Journal of Materials Science

, Volume 11, Issue 11, pp 2061–2067 | Cite as

A new source of X-ray line broadening: inhomogeneous strains induced by uniform homogeneous temperature conditions in polyphase or non-cubic materials

  • Franklin H. Cocks
  • Stuart F. Cogan


Thermal strains may contribute to X-ray diffraction line broadening in both single-phase non-cubic and in polyphase cubic polycrystalline materials even under uniform temperature conditions. A method is developed for calculating the magnitude of these thermally induced strains directly from the measured diffraction peak profiles. Corrections for particle-size effects can be made readily if particle-size broadening is significant, and the thermal diffuse scattering (TDS) contribution to the diffracted intensity can be taken into account experimentally. By this method, the strains in a Mg-5 wt% Si alloy were found to be increased by as much as 35% by a 190° C temperature change. Even in the case of this relatively low melting point alloy, the TDS effect causes only a maximum of 15% error in these measured strain effects. The interpretation of these isothermally induced strains in terms of crystal anisotropy, grain morphology and orientation and the relative sizes of phases and grains is discussed.


Homogeneous Temperature Polycrystalline Material Thermal Strain Diffract Intensity Strain Effect 
These keywords were added by machine and not by the authors. This process is experimental and the keywords may be updated as the learning algorithm improves.


Unable to display preview. Download preview PDF.

Unable to display preview. Download preview PDF.


  1. 1.
    W. Boas andR. W. K. Honeycombe,Proc. Roy. Soc.186A (1946) 57.Google Scholar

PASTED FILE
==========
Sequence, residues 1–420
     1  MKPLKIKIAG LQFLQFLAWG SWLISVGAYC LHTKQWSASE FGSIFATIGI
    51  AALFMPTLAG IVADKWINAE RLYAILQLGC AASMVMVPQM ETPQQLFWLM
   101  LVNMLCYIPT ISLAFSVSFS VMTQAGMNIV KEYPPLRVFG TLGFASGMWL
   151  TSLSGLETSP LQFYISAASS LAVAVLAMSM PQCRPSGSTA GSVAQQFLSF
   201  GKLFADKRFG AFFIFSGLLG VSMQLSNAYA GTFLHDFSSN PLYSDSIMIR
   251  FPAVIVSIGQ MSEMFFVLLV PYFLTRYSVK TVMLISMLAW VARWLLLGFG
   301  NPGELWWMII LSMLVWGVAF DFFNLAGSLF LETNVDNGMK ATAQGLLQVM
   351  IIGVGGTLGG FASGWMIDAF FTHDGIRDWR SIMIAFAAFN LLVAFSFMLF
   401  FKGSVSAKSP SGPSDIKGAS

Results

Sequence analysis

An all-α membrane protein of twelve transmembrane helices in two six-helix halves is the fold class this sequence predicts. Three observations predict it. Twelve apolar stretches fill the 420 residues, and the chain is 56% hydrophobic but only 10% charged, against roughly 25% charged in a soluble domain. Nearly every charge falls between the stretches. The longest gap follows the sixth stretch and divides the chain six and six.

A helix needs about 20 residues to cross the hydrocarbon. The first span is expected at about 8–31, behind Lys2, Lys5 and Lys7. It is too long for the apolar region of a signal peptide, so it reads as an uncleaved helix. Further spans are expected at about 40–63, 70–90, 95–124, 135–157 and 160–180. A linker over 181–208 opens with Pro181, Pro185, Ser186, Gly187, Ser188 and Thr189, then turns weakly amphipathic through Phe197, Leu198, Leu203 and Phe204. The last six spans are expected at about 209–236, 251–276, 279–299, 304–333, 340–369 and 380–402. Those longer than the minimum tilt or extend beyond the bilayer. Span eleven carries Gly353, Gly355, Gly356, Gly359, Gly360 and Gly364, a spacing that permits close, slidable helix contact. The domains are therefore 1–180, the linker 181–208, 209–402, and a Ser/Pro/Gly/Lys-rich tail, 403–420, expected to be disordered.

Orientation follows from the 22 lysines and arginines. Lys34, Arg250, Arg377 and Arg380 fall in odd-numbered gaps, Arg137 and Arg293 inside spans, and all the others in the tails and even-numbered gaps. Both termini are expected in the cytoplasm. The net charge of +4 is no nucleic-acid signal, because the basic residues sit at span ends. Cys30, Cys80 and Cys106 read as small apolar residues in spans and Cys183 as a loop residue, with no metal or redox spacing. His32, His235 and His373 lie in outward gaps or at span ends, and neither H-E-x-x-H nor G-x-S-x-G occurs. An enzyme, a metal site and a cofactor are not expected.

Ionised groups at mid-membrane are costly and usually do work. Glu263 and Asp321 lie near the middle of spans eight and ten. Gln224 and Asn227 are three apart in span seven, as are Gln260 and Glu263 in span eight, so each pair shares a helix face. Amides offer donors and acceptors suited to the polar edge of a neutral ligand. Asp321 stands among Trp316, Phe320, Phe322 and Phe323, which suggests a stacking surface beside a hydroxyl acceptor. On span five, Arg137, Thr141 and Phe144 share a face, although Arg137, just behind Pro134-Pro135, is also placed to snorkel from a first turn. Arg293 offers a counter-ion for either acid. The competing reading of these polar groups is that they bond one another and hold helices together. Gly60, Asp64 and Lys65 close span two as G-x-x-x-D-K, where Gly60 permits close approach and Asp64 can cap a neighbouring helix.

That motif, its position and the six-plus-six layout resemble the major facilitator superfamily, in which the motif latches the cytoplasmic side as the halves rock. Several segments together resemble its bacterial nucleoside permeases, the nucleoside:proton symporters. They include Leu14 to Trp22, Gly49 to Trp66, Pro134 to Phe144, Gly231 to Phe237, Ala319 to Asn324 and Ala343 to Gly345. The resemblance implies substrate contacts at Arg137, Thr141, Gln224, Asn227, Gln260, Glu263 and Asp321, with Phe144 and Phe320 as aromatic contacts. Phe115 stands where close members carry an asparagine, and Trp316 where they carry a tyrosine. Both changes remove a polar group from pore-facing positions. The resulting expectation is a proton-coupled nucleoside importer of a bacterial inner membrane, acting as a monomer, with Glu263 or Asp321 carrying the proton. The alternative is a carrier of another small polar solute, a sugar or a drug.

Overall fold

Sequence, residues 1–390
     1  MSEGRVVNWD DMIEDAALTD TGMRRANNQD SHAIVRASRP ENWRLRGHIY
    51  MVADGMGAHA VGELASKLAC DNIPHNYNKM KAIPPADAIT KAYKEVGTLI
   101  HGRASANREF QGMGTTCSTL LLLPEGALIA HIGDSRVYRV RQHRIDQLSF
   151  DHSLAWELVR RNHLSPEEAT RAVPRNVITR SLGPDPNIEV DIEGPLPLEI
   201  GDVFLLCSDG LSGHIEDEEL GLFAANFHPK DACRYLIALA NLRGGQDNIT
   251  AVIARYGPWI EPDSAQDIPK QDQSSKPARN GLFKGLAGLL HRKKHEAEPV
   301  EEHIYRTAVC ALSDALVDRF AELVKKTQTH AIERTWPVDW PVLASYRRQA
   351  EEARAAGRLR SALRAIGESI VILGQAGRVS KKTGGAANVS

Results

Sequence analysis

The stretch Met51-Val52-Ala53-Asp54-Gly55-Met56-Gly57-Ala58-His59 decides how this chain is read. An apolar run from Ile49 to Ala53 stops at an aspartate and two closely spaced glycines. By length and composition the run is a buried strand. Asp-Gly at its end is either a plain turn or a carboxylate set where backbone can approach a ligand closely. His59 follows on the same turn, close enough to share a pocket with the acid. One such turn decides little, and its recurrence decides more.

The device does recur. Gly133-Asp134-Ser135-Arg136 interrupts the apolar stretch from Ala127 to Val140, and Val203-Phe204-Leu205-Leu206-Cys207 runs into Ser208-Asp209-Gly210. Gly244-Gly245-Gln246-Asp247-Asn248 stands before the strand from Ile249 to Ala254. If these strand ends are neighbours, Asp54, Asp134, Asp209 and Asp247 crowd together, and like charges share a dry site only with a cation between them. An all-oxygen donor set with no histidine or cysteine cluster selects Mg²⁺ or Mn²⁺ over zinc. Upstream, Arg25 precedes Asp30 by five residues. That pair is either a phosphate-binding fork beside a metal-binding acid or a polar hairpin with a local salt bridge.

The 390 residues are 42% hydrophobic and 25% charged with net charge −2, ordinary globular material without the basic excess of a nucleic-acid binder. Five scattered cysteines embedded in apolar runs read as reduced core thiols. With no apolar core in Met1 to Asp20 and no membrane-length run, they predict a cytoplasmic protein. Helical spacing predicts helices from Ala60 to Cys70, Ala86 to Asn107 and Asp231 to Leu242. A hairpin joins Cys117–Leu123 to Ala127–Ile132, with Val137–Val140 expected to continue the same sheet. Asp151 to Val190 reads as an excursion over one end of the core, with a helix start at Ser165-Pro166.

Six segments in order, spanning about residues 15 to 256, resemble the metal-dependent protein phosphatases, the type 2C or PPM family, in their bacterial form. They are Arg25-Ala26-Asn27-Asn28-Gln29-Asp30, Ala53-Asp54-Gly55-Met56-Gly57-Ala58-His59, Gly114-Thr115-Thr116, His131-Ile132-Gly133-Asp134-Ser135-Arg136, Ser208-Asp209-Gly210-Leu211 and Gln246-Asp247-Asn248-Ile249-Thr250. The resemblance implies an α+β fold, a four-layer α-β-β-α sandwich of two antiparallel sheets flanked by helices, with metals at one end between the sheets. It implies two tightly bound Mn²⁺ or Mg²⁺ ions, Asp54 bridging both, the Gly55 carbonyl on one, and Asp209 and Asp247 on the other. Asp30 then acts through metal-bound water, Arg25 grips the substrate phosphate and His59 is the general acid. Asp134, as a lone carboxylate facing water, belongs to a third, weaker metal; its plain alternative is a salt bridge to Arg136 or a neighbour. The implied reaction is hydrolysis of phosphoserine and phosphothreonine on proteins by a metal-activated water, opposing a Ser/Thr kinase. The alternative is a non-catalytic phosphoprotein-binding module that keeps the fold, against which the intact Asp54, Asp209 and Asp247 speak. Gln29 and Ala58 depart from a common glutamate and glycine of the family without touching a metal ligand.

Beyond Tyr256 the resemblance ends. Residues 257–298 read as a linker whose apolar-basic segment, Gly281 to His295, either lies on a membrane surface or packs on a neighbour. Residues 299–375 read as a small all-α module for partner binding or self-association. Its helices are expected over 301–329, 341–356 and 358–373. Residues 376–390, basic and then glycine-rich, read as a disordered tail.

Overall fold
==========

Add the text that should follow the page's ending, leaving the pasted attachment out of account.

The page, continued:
2. 2.
    Idem, ibid188A (1946/47) 427.Google Scholar
  3. 3.
    Idem, J. Inst. Metals73 (1946/47) 433.Google Scholar
  4. 4.
    G. A. Malygin andV. A. Likhachev,Zavodskaya Laboratoriya32 (3) (1966) 335.Google Scholar
  5. 5.
    V. A. Likhachev,Sov. Phys. Solid State3 (1961) 1330.Google Scholar
  6. 6.
    B. E. Warren andB. L. Averbach,J. Appl. Phys.21 (1950) 595.CrossRefGoogle Scholar
  7. 7.
    B. E. Warren,Prog. Met. Phys.8 (1959) 147.CrossRefGoogle Scholar
  8. 8.
    D. R. Chipman andA. Paskin,J. Appl. Phys.30 (1959) 1992.CrossRefGoogle Scholar
  9. 9.
    D. R. Chipman andC. B. Walker,Acta Cryst.A28 (1972) 572.Google Scholar
  10. 10.
    A. R. Stokes,Proc. Phys. Soc.61 (1948) 382.CrossRefGoogle Scholar
  11. 11.
    F. H. Cocks andS. F. Cogan,J. Appl. Cryst.8 (1975) 571.Google Scholar
  12. 12.
    R. S. Smith,IBM J. Res. and Dev.4 (1960) 205.CrossRefGoogle Scholar
  13. 13.
    G. B. Mitra andN. K. Misra,Acta Cryst.22 (1967) 454.CrossRefGoogle Scholar
  14. 14.
    G. B. Mitra andA. K. Chaudhuri,J. Appl. Cryst.7 (1974) 350.CrossRefGoogle Scholar
  15. 15.
    M. F. Bertaut,Compt. Rend. Acad. Sci. Paris228 (1949) 492.Google Scholar
  16. 16.
    B. E. Warren,Acta Cryst.8 (1955) 483.CrossRefGoogle Scholar
  17. 17.
    B. E. Warren, “X-Ray Diffraction” (Addison-Wesley, Reading, Mass., 1969).Google Scholar
  18. 18.
    A. Kidron andJ. B. Cohen,J. Appl. Cryst.6 (1973) 8.CrossRefGoogle Scholar
  19. 19.
    C. P. Gazzara, J. J. Stiglich, F. P. Meyer andA. M. Hansen,Adv. X-Ray Anal.12 (1968) 257.Google Scholar
  20. 20.
    A. B. Dayai,J. Phys. C. Solid State Phys.3 (1970) 2037.CrossRefGoogle Scholar
  21. 21.
    W. B. Whitten, P. L. Chung andG. C. Danielson,J. Phys. Chem. Solids26 (1965) 49.CrossRefGoogle Scholar
  22. 22.
    F. H. Cocks, C. N. Preece andH. W. King,Phys. Letters22 (1966) 287.CrossRefGoogle Scholar
  23. 23.
    M. Hansen, “Constitution of Binary Alloys” McGraw-Hill, New York, 1958).Google Scholar

Copyright information

© Chapman and Hall Ltd 1976

Authors and Affiliations

  • Franklin H. Cocks
    • 1
  • Stuart F. Cogan
    • 1
  1. 1.Department of Mechanical Engineering and Materials ScienceDuke UniversityDurhamUSA

Personalised recommendations